Monthly Archives: May 2013

Cross Training

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(Wisdom is speaking)“If you had responded to my rebuke, I would have poured out my heart to you and made my thoughts known to you.” (Proverbs 1:23)

Like Pooh in the tree after too much honey, do you find yourself stuck spiritually? Not moving? Does God seems quiet?

Wisdom speaks in the above verse from Proverbs and she shows us an interesting link:

Obedience and Intimacy

When God, through Wisdom, brought something to the attention of His children, they did not respond.

What happened next? Silence.

Let’s flip the scenario. If His children had responded, what would have happened?

  • “I would have poured out my heart to you.”
  • “I would have made my thoughts known to you.”


A new closeness with the Father.

So, are you stuck? Has God spoken and you’ve ignored Him? Ask Him where you got off track and respond with the next step of obedience.


Have you ever gotten stuck, literally?

What was it like?

How did you get free?

Why do you think Scripture links obedience with intimacy?

Is that logical? Fair?


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Cross Training

cross-trainingTraining Wheels

“Discipline your son, for in that there is hope; do not be a willing party to his death.” (Proverbs 19:18)

When our kids learned to ride bikes, they were chaos on wheels. They swerved right. They swerved left. Starting required a curb. Stopping involved first aid.

They needed practice, so we started with training wheels. Then, we went to the local track and challenged them to stay in a lane. The lines marked a boundary and helped them control their body and their bike. Soon, they could ride, turn, and stop on a dime–without the need of the first aid kit.

Learning to maneuver through the challenges of life requires some practice too. Family rules and their consequences, chores, and the giving and losing of privileges provide training wheels and lane lines so kids progress to the sidewalks and streets of life’s neighborhood. These help kids master their wills to gain the self-control they need.

Bike accidents are ugly. I know. Yet, life’s accidents leave far more than scars and the memory of eight weeks in a cast. According to God, not to provide discipline is to be a willing party to a child’s death.

Kids, don’t fight the training wheels. Allow Mom and Dad to help you develop the self-control you need. Trust them.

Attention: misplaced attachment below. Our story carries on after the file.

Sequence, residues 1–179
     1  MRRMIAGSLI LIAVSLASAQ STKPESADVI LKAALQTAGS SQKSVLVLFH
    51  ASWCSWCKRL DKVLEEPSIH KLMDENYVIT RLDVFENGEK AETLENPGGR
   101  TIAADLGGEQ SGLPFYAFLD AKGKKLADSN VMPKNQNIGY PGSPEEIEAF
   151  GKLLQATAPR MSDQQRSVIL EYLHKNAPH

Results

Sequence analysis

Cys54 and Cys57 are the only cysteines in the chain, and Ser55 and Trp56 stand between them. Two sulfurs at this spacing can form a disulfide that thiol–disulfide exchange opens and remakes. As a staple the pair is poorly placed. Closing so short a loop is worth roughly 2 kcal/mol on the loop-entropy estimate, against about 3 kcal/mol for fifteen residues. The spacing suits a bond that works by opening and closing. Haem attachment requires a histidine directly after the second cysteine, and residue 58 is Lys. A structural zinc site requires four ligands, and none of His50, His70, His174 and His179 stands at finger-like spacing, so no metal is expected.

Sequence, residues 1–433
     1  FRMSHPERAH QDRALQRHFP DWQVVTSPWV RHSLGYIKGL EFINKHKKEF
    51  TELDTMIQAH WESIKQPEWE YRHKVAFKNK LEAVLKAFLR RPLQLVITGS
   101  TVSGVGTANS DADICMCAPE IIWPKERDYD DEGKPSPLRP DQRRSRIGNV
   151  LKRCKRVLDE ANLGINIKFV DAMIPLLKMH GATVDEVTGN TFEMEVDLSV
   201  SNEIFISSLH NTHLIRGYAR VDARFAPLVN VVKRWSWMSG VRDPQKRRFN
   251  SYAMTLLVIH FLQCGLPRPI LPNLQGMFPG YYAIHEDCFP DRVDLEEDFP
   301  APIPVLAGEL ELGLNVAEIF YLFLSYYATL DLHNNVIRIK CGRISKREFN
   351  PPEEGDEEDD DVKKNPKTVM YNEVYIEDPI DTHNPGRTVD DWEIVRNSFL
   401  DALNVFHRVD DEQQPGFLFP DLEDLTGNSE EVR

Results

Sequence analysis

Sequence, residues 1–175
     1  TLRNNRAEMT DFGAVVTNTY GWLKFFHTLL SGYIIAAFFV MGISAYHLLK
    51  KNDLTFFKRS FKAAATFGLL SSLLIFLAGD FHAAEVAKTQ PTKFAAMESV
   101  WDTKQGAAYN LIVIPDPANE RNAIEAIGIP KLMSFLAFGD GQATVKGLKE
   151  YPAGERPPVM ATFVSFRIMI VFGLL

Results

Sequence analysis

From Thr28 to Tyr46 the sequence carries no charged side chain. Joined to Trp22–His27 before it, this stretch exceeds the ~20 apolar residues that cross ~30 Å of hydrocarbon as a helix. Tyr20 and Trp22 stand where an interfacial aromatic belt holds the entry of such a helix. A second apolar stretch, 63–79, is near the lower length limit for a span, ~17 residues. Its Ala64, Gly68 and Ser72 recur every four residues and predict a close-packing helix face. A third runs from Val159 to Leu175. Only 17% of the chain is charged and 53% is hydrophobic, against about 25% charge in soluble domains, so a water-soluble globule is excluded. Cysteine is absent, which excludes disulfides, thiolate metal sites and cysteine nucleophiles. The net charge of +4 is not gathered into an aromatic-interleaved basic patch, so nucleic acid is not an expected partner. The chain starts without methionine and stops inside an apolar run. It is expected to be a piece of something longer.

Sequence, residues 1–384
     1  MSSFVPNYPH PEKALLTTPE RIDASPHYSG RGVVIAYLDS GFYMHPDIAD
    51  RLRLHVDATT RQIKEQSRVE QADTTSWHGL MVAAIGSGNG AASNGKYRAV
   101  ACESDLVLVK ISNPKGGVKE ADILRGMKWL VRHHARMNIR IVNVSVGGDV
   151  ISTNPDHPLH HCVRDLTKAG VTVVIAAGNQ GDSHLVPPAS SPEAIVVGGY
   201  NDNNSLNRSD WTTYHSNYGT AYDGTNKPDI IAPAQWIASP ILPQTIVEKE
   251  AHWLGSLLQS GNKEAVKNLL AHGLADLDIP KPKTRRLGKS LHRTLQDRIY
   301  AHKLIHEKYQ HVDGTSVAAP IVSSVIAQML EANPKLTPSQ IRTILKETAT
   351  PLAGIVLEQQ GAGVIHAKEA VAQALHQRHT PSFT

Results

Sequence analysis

Parents, keep at it. The harvest is coming.


How did you learn to ride a bike? What safeguards did you have?

Tell me about your present level of cycling? Are there higher levels?

Now, examine your spiritual training. What safeguards have your parents put in place?

What could happen if those safeguards were removed before you were ready? How can you master a skill, like time management, so the safeguard’s removal is appropriate?

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Zuno’s Pick

Here’s what Zuno’s read this month:

The Boy Who Was Raised by Librarians by Carla Morris, Ill. by Brad Sneed (Four paws)

Widget by Lyn Rossiter McFarland, Pictures by Jim McFarland (Four paws)

Henry and Mudge Take the Big Test by Cynthia Rylant, Pictures by Sucie Stevenson (Henry and Mudge–always a favorite.)

Mr. Putter and Tabby Spin the Yarn by Cynthia Rylant Ill. by Arthur Howard (Zuno is a big fan of Mr. Putter and Tabby.)

No FIghting No Biting by Else Holmelund Minarik, Pictures by Maurice Sendak

Mouse Tales by Arnold Lobel

The Golly Sisters Go West by Betsy Byars, Pictures by Sue Truesdell

(All three are old favorites. The Golly Sisters are a hoot. Lobel and Minarik have authored many classics.)

Pete the Cat and His Four Groovy Buttons Story by Eric Litwin, Created and Ill. by James Dean

You? by Vladimir Radunsky

Wow! Said the Owl by Tim Hopgood

Elephants Cannot Dance by Mo Willems

Pearl and Wagner One Funny Day by Kate McMullan,Pictures by R. W. Alley

Hooray for Fly Guy by Tedd Arnold

Biscuit by Alyssa Satin Capucilli, Pictures by Pat Schories

A Snout for Chocolate by Denys Cazet


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Cross Training

cross-trainingStory by God

“The LORD works out everything for his own ends—even the wicked for a day of disaster.” (Proverbs 16:4)

I love a good story and the key to a good story is conflict. Problems. Obstacles. Bad guys. Without them, you have no story. Think The Lord of the Rings without Sauron and his orcs. The Three Little Pigs without the wolf. Madeline without appendicitis. Ruby without little brother Max.